And we’re merely at the beginning of such interconnected personal scheduling. In the near future this type of technology will no doubt evolve until some aspect of wearable or implantable tech allows your personal assistant to whisper in your ear or access your mind during every moment of your life. Spent a few minutes setting up your life preferences and you won’t need to worry about when to work or go to school or study or exercise or have a beer with friends.
In such an integrated scheduling system, why would the average human need to even pay attention to time? After all, your personal assistant will be able to connect with an entire world of other people’s lives and schedules. Tell your assistant to schedule a doctor’s visit and the assistant will contact the doctor’s office, determine when you’re available, schedule the appointment, and even tell you when to leave your home and stick out your tongue.
Instead of people being forced to track time so they can schedule their lives, their personal assistants will track time for them. In such a world people will more likely focus on living in the present than caring what the time of day might be. And time keeping itself may even be seen as antiquated. After all, your assistant will be there to worry about time, and the future, for you.
Now obviously such a world would disturb many people, including myself. But imagine how our hunter-gatherer ancestors would have felt in modern New York City or Beijing, where continually tracking the minutes and hours of each day determines whether you can keep a job and support yourself and your family. They'd have been appalled at such a life.
There might be some good in achieving a time-free future, at least for people like myself with a horrible sense of time. I often find the hours and minutes of each day slipping away from me. I’ll be focused on my writing or staring at a beautiful sunset and suddenly realize I forgot to meet my friends at the neighborhood bar.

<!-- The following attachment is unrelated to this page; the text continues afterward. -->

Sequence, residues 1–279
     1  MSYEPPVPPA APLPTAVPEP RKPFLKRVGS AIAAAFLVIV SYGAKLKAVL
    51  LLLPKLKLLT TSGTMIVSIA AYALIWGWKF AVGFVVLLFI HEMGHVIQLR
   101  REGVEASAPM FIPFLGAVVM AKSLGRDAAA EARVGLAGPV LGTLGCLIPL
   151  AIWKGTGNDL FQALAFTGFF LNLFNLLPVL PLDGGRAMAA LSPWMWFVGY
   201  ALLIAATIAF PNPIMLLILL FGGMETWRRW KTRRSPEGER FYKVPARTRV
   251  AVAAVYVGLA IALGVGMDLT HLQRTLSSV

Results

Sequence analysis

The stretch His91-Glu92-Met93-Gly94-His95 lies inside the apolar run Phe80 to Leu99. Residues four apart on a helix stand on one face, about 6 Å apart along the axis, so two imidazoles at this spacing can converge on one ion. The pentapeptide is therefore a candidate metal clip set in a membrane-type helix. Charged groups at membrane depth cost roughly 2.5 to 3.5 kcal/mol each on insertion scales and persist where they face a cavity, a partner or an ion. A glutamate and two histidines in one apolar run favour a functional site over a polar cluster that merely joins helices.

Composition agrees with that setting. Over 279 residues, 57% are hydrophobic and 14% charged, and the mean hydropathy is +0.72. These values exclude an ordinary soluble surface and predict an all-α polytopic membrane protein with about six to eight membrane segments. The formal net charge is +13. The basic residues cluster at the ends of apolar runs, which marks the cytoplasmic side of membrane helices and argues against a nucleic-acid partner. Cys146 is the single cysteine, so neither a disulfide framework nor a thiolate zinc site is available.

But I also fear such a time-free world. Who knows how humans will change if we no longer have to actively track time on a personal level. Will we still plan for the future? Will people descend into an eternal hedonistic present where all that matters is moving from one scheduled moment of excitement to the next?
Even more troubling, perhaps employers will require their workers to use specially-approved scheduling inputs. In this scary version of Ellison’s "Repent, Harlequin,” your employer will be assured that your life and happiness never interfere with work-related duties because they’ll schedule your life so that never happens.
One of the things which make us human is our species’ use of tools. Our tools both define and shape who we are. And few tools are as subtly powerful as how we track and measure time.
None of these speculations mean humans will ever stop tracking and measuring time. Of course we won’t. Scientific and technological systems will always require accurate time measurement. But I suspect that on a personal level, humans will one day give up watching the clock for an even more controlling form of life scheduling.
So forget repenting for the Ticktockman. Because in such a future humans will be so intermeshed with life scheduling that time itself might appear to disappear.
Tick. Tock. Tick. Tock.